Words are the fundamental elements of every idea and the main vehicle for every relationship. A word richly defined and commonly held, adds an efficiency and power to the sentences it inhabits. Conversely, communication loses power and intelligence when definitions lose their meaning. This affects the quality of relationships and the strength of an organization. Therefore, it is imperative that a leader work to build a common, robust vocabulary.
Church leaders should work to develop and preserve rich definitions for words like "gospel", "faith", "love" and "ministry." These words then become weighty contributions to every conversation. The Holy Spirit can break the heart with a phrase as simple as "Repent and believe the gospel" as long as the mind understands the biblical definition of "repent", "believe" and "gospel." With the wrong definitions, this sentence simply blends in with all the other noise and looks like it belongs on a sandwich board.
If you are involved with a Christian church at any level, you have most likely encountered the words membership, leadership and discipleship. They are often used to describe key elements of life together as Christians. But there are almost as many definitions for these terms as there are churches. Consequently, the words carry a vague meanings that are neither distinctive nor compelling.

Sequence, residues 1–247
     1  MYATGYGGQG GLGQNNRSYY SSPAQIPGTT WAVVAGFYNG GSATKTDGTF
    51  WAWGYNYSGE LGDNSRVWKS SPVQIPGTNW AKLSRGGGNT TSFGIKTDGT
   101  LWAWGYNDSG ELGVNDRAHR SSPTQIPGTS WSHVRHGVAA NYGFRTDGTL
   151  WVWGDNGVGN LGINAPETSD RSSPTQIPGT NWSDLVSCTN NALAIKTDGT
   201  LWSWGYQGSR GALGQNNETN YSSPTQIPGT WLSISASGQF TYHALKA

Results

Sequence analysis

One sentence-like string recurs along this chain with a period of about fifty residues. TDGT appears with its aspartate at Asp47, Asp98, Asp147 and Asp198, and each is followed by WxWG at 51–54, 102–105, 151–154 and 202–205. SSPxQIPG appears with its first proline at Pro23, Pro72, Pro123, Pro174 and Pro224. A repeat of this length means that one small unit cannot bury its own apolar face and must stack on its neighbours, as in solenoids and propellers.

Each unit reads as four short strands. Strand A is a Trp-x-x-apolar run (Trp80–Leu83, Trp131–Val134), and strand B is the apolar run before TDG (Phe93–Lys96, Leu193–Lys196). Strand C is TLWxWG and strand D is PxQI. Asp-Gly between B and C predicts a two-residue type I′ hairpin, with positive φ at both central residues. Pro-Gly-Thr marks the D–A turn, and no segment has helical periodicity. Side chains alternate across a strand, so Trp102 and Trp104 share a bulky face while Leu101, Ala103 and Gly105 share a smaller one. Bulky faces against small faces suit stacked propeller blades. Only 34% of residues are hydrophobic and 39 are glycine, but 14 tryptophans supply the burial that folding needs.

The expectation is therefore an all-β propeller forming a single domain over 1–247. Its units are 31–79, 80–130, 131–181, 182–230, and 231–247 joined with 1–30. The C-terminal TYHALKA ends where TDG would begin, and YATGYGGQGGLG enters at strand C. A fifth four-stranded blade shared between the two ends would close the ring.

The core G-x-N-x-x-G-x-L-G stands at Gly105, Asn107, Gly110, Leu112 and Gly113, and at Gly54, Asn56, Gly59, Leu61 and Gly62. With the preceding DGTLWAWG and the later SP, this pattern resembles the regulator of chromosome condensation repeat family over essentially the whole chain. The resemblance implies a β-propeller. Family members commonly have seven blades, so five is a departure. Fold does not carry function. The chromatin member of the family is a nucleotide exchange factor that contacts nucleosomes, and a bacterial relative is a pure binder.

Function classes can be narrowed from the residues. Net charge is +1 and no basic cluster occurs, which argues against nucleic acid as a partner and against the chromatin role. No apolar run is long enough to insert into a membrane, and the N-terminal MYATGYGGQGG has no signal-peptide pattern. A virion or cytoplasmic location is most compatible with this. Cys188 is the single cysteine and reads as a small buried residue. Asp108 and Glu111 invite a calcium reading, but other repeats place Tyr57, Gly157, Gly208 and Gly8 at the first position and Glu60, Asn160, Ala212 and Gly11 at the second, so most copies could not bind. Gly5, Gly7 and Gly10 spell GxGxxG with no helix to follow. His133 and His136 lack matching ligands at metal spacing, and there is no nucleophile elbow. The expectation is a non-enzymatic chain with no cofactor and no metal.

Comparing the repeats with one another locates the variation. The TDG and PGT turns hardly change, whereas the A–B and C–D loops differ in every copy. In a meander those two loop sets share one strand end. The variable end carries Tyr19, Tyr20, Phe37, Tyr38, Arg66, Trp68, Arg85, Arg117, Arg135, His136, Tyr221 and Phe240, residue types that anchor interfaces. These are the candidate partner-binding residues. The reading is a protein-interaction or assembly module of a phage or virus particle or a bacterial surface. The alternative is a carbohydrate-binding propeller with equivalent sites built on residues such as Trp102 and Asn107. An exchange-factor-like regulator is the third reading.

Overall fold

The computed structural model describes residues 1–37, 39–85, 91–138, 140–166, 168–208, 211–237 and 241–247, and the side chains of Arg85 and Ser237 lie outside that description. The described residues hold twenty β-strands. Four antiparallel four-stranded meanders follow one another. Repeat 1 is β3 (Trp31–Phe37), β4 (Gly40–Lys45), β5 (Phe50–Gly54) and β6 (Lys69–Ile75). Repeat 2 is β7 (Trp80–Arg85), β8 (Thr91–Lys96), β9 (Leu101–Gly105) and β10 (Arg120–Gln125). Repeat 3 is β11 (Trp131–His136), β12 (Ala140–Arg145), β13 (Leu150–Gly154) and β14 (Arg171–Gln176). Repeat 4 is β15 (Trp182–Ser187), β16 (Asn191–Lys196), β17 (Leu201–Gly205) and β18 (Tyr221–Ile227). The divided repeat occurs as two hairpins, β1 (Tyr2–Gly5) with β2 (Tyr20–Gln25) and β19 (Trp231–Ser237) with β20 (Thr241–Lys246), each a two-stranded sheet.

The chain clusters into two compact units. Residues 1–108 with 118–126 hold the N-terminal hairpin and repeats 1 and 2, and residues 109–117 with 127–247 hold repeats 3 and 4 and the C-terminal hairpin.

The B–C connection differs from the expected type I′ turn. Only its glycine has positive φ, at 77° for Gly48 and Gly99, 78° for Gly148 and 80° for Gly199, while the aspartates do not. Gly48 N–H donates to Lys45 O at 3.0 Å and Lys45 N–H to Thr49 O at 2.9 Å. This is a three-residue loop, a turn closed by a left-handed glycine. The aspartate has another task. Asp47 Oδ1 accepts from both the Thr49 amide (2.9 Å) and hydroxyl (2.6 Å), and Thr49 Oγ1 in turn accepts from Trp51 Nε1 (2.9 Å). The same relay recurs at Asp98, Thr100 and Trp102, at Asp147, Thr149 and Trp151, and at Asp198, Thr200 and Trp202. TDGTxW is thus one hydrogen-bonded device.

Membership is different than discipleship. Without that distinction, people might miss the narrow path of following in Christ's footsteps because their "discipleship" box is checked after a weekly meeting. Discipleship is different than leadership. If this isn't clear, many people will sit on the sidelines of the Great Commission because making disciples only happens when a leader is in the room.
Over the next four days, I'll be posting a summary points from Summitview's Leadership Training on February 16th. In that message, I work to define membership, leadership and discipleship and distinguish them from each other. It is an attempt to drive the ball of our new focus to make disciples over building churches further down the field.
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